Why are Strategy Games so Expensive?

I was inspired to write this article after seeing a Reddit comment on /r/Hearthstone saying how the new expansion of 50 packs costs more than the entire new FPS game called Overwatch. This is increasingly stupid because 50 packs won’t even get you 20% of the expansion most likely.

Compared to other genres such as action adventure, FPS, platforming, heck even monthly subscribing MMOs, strategy games in my opinion seem to take the peak of being the most expensive type of game to play. While there are cheap or free to play models, the sheer quantity of money you can possibly spend on strategy games can be through the roof.

On March 22nd, Hearthstone increased the cost of card packs in EU and Asia, much to the outrage of the global community.

Looking at the origin of strategy games, three different models come to mind that spawn such crazy values.

The first is the collectible card collection method. By this I look to specify the way players obtain cards in these games. Games of old such as the TCGs Magic the Gathering and Yu-gi-oh and the games of now such as Hearthstone and even Crash Royale give the player two options to obtain cards. The first is through a random pack of sort and the second is by overpaying for individual cards you desire. Both methods seem completely damned in value. The worth of a pack in Hearthstone for example can be either a pinch of dust (99.9% of the time) or thousands. The variety of pack value is nuts and the yield of one is often not worth it. The high cost of an individual card makes more sense to me in a trading card game with physical merch since there are also physical limitations to copies that can spike value. But in a digital card game, especially one without trading with other players, it seems silly to spend thousands on one game. This is easily possible in Hearthstone or Magic the Gathering.

The second model comes from expansion packs. Mainstay games like Civilization are not safe from rounds of nitpicking extra bucks here and there. Often I ask myself, especially with cosmetic upgrades, why couldn’t X feature just be the base game like the old days? (looking at you Mario Kart 7 Deluxe). Fire Emblem Awakening, Nintendo’s first 3DS game to receive DLC has expansion packs which combined are worth over $50, more that the cost of the game itself. Where I deem it worth considering the expansion is if I felt the price I paid for what I already got was acceptable. Breath of the Wild is a game that comes to mind that looks to push non free DLC in the future. DLC in a strategy or fighting game is a lot more valuable in my experience than one of a single player experience. For example, I doubt Civilization expansions would be nearly as valuable if you couldn’t play anyone with that extra DLC attached. In fighting games, you can play new characters with others, which can enhance the variety and freshness. But in STRATEGY games, not only do you get to play this expansion with others, it gives you an edge. Referencing Hearthstone and MTG again, many players feel if you want to feel relevant, you have to maintain this edge.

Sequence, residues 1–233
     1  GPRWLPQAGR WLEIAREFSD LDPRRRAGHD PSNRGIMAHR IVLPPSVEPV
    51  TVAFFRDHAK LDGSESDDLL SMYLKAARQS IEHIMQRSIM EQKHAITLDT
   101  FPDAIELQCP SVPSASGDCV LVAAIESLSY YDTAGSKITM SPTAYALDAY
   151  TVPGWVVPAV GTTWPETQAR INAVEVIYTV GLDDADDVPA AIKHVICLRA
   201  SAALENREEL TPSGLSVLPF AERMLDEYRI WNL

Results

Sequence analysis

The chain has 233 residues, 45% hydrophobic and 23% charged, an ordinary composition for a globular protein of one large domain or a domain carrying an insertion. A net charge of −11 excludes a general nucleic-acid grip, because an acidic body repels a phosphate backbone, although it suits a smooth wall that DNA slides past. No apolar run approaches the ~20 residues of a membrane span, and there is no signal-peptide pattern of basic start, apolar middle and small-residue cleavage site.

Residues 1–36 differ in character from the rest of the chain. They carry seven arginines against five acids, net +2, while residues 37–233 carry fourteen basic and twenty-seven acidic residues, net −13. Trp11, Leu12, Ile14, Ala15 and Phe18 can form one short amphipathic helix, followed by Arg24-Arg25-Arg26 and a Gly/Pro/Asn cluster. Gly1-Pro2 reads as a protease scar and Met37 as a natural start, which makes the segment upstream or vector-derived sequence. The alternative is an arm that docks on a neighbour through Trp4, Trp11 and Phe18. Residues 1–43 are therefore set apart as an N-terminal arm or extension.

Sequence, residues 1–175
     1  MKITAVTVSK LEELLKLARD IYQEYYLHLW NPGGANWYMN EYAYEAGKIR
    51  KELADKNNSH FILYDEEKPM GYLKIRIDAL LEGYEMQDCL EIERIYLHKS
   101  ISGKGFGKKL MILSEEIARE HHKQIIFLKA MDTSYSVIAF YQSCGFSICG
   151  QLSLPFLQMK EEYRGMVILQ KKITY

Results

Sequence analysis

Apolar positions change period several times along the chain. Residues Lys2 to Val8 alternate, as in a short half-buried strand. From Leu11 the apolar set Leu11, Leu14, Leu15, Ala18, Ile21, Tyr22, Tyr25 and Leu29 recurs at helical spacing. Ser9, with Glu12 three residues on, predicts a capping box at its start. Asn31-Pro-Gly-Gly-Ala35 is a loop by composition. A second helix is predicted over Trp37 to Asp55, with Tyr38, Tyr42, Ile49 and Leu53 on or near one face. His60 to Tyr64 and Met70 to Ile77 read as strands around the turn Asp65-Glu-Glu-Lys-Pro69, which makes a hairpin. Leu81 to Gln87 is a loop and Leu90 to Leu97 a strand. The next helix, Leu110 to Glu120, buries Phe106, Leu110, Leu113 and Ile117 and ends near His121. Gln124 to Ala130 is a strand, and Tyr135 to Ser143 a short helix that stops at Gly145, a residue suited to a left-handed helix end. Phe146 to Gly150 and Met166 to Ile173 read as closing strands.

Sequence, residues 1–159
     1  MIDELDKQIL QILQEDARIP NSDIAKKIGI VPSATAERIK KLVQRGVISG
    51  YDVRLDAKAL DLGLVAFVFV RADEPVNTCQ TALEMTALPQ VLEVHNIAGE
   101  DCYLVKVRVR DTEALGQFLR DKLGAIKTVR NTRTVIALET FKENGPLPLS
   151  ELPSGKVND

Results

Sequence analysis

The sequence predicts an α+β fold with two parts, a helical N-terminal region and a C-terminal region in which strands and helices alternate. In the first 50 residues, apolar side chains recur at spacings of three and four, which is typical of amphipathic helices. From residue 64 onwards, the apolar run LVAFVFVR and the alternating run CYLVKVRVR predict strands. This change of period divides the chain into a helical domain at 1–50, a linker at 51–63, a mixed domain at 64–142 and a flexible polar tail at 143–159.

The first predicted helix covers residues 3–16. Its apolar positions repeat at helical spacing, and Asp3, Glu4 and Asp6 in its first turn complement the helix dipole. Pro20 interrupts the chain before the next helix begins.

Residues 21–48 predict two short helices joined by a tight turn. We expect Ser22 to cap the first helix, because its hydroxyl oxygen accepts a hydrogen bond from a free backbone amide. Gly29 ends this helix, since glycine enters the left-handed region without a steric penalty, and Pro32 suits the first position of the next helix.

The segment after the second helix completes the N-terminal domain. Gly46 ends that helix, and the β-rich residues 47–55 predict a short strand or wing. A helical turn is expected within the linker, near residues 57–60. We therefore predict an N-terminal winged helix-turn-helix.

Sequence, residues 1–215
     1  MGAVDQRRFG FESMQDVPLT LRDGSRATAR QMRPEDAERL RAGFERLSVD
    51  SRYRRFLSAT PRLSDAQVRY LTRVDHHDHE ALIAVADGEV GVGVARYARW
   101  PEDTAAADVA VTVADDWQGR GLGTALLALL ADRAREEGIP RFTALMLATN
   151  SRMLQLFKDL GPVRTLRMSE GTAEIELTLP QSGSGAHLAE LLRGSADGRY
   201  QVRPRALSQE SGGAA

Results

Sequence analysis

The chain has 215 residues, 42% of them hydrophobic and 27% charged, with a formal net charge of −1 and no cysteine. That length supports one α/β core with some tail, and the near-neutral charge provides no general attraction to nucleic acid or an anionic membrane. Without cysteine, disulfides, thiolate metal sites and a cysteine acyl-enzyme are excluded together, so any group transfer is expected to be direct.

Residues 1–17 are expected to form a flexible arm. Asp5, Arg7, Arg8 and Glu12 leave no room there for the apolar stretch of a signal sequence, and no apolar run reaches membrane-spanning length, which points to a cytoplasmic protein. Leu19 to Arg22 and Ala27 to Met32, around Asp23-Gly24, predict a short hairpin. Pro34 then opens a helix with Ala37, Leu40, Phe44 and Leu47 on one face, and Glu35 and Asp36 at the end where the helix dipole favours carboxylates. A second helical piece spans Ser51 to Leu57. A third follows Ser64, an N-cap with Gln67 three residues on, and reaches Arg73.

The third model is rotations. Rotations affect strategy games differently for the game. In League of Legends, different characters get buffs and nerfs such that it strongly encourages players to obtain a good variety of characters in their relevant positions so that they can pick the flavors of the month when it’s “their turn.” A character you adore could get nerfed to the ground tomorrow, and as a result you might be looking for another way to win. In Hearthstone and Magic the Gathering, new expansions will cycle out yearly. This means your perfected polished deck will be unplayable in a standard format in due time. Thus it’s this cycle that generates more cash.

I’ve often wondered if strategy gamers are simply used to forking over wads of cash for board games or trading card game experiences. “Knowing your market” can mean strategy gamers are simply willing to fork over more cash. Modern day strategy games of course employ strategies that make it worthwhile to stay relevant in a strategy game. Having systems like “first win of the day,” or quests that award “winning games” instead of playing games are ways that games trying to prioritize winning over playing. There has been a shift in this notion I’ve noticed. As the strategy market continues to get saturated, competitors like Heroes of the Storm, Duelyst, and new random quests in Hearthstone now award players for simply playing a certain amount, not winning. I am curious if strategy games can continue to support lucrative costs as strategy game players get more options, more frustrations with games of old, and of course more aware of the inevitable paywall.

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